Wednesday, February 17, 2021

(AD&D 2e)Van Richten's Monster Hunter's Compendium Volume 1

 What is Ravenloft, even?

No, really. I enjoyed Van Richten's Monster Hunter's Compendium, but every so often the narrator, Van Helsing Richten would veer off-topic to speculate about his world's metaphysics, and it would always be some kind of bullshit. These little asides usually took the form of "travelers from distant lands tell me that" [this thing we're talking about exists in a form that isn't the most pessimistic possible interpretation of the phenomenon] "but personally, I don't believe it." And taken together, they just make Ravenloft seem like a massive bummer.

In one of the more explicit out-of-character examples, a sidebar explains that the chance of contracting lycanthropy in Ravenloft is 2% per hit point of damage dealt to you by a werebeast's natural weapons, in contrast to the normal 1% chance per hit point. And I guess that the horror is supposed to come from that extra 1%, but honestly, the whole thing seems a little forced to me. I've just gotten done fighting a werewolf and the DM tells me to roll a percentile die against 32%, but I'm supposed to be shocked because I only took 16 points of damage. "Whoa 'Domain of Dread' is right."

I don't want to be too hard on Ravenloft here. Actually, most of what I've seen of its general mood and atmosphere, I've enjoyed. It's just that it has a certain tendency towards absolutism that undermines horror just as often as it supports it. I think I get what they were going for "there is no escaping your fate," but in practice, it comes off as lacking nuance. If you stumble, you're doomed, so the dread only lasts until you make your first mistake. I think if you want to encourage people to dwell in the shadows, you have to demonstrate that it's easier to survive in the margins than it is in either the light or the dark.

Take flesh golems, for example. They always turn evil and kill their creators. And that's a little weird. According to "The Created" section, Ravenloft is a world where sufficiently obsessed and driven people can stitch together dead bodies to bring them a semblance of life. This is one of those ad hoc mechanics that exist only because AD&D is very . . . precise about its spell-casting and magic item creation systems, and thus there needs to be a new rule to allow for magical setting elements outside that framework, but the practical upshot is that the plot of Frankenstein is constantly playing out throughout the world of Ravenloft.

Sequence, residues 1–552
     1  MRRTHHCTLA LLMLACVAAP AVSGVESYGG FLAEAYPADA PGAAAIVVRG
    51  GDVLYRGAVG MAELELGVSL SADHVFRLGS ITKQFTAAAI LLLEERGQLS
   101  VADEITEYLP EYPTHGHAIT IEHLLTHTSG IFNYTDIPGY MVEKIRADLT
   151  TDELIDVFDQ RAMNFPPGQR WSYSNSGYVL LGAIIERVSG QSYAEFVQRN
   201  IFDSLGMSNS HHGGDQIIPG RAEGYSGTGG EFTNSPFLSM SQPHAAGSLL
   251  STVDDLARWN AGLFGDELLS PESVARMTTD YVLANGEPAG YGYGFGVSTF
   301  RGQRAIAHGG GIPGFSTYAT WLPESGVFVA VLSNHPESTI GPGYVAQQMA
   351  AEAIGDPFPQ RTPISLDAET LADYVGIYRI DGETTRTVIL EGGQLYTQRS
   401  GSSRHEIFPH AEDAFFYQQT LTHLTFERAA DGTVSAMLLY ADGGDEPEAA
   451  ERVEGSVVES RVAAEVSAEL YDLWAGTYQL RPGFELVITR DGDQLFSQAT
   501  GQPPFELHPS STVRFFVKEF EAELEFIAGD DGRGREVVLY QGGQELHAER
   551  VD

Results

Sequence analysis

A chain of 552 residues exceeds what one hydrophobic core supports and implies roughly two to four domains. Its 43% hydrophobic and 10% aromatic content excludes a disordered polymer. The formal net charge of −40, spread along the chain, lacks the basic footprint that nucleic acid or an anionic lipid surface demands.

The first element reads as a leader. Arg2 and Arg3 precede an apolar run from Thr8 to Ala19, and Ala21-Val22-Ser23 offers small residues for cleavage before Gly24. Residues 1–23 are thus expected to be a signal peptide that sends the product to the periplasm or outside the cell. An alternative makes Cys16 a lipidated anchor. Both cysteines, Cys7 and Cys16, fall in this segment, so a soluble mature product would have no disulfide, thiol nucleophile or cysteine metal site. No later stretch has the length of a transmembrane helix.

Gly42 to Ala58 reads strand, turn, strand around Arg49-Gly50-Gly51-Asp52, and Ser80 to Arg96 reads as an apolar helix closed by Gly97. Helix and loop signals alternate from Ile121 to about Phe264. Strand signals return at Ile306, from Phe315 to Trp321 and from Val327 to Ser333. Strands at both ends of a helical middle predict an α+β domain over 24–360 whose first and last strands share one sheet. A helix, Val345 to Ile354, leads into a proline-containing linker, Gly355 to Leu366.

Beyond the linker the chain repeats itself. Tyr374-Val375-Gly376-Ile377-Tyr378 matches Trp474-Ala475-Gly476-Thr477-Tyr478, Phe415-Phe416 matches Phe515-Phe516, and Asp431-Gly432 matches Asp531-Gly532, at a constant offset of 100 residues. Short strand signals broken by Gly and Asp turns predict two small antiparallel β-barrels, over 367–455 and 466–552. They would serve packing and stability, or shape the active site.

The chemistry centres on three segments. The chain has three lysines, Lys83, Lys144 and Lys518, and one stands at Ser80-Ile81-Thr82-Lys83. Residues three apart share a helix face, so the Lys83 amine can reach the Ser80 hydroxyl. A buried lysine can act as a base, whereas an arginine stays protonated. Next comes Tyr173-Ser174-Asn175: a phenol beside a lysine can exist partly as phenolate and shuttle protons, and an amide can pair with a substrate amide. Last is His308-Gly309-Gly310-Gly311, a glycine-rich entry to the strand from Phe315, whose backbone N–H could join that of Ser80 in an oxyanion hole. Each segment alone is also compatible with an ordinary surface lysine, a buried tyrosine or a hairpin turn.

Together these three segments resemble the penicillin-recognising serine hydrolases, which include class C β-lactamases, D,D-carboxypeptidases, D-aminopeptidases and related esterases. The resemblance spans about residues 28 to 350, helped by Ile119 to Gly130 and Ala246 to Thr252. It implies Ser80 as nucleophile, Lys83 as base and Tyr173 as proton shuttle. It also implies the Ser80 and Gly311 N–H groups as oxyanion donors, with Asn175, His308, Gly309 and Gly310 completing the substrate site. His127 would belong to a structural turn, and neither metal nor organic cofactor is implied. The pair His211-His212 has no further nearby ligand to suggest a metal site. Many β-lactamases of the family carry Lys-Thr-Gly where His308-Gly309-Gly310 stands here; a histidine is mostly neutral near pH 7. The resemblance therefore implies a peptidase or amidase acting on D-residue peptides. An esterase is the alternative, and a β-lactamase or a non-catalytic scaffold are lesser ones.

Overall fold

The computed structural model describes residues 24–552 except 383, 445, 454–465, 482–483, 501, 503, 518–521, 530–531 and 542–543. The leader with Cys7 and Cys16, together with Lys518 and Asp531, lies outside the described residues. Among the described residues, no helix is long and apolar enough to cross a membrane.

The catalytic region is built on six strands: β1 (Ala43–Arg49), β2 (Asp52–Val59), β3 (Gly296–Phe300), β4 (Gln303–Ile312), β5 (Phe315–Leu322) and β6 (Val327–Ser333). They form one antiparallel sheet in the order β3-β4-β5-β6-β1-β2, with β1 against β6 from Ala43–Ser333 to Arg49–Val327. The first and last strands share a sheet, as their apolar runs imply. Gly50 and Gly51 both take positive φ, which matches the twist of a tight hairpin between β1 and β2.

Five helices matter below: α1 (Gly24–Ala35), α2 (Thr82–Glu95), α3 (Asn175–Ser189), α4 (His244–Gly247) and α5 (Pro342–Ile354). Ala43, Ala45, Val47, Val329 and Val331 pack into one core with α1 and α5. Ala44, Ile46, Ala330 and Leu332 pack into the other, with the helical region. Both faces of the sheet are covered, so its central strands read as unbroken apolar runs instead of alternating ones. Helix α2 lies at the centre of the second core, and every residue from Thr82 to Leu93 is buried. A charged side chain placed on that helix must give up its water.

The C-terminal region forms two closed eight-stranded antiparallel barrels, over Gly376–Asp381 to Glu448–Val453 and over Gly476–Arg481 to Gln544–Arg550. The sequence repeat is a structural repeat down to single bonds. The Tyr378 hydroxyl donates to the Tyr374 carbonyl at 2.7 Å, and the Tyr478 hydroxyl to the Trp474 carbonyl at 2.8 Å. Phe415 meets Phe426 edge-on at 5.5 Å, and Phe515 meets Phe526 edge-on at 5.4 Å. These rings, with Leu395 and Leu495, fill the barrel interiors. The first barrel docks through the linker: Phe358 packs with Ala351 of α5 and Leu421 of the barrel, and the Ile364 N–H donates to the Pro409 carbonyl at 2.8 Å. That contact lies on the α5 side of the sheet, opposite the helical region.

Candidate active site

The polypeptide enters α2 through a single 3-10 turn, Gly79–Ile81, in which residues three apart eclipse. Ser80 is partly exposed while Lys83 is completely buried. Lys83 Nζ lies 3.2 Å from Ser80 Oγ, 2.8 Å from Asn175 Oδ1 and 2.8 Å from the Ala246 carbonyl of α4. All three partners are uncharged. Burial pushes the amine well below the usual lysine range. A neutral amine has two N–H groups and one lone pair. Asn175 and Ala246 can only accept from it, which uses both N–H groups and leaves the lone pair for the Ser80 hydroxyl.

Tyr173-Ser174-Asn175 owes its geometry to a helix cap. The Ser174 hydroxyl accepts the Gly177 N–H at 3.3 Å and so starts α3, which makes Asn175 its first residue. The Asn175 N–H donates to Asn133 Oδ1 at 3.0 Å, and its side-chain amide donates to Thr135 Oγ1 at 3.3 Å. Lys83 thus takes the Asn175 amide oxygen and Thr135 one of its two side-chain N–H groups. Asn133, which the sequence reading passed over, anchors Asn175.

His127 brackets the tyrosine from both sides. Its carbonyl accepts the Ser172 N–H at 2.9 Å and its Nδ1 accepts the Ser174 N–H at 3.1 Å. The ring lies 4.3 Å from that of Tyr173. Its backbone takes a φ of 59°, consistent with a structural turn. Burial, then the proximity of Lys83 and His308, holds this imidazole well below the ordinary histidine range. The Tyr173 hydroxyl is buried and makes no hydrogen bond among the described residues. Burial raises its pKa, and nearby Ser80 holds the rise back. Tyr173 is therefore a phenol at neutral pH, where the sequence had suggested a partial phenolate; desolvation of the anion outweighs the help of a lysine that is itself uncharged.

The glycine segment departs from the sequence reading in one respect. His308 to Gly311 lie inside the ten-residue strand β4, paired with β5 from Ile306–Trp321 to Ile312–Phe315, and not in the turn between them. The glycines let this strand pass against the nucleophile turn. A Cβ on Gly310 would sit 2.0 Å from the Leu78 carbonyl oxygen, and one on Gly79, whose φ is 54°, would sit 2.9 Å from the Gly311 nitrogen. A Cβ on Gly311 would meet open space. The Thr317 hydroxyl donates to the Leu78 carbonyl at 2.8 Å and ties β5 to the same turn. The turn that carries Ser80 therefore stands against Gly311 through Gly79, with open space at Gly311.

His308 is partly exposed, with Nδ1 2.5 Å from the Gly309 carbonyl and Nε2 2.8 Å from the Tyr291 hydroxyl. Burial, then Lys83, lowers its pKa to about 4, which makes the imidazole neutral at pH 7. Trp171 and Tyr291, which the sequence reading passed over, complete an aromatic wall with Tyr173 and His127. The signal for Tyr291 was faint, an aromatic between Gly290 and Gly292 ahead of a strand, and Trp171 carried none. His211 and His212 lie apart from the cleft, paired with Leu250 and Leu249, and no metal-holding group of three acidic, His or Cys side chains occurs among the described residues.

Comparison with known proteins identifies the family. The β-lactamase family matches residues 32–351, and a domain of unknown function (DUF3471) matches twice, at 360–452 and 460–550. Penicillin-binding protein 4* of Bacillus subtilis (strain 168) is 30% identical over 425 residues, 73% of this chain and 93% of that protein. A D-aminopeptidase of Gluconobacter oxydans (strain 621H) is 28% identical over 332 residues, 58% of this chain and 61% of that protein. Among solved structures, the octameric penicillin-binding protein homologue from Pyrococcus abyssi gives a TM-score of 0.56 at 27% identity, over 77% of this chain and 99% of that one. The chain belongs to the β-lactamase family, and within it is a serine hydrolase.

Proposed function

Except that it's always the plot of Frankenstein. Van Richten even breaks it down for us. The Created have five developmental milestones - Dependence, Confusion, Betrayal, Contempt, and Hatred. They always happen in that precise order, because every flesh golem has the same personality and the same dynamic with its creator. The only thing that varies is the pace.

The question I have to ask is "why bother with the repetition?" Flesh golem is an entry in the Monstrous Manual, but that doesn't mean it has to be a whole class of creatures. You could just use it as a unique, one-off adventure and then rely on the rest of the book to provide diversity.

Or, I suppose, you could just use the flesh golem in a variety of different ways.  Van Richten's Monster Hunter's Compendium is actually pretty good at providing a bunch of mechanical options for variant golem. You can build golems that channel dark spirits or the ghosts of the dead, that incorporate monster parts or have strange magical powers. It's a shame, then, that the book doesn't offer support for using the creatures in a similar variety of story or setting roles.

You've got this world full of frankensteins, but you don't have one who is an innocent exploited by their creator, or who sincerely loves their creator, but lacks the emotional and social context to express that love appropriately, or who forges a genuine connection with a community, only to be persecuted by a fanatical monster hunter. The flesh golem may be a recreation of your neglectful father or the hypothetical daughter you could never have thanks to your wife's infertility, but they will always be rejected by society for their ugliness and eventually turn on you for not being perfectly supportive.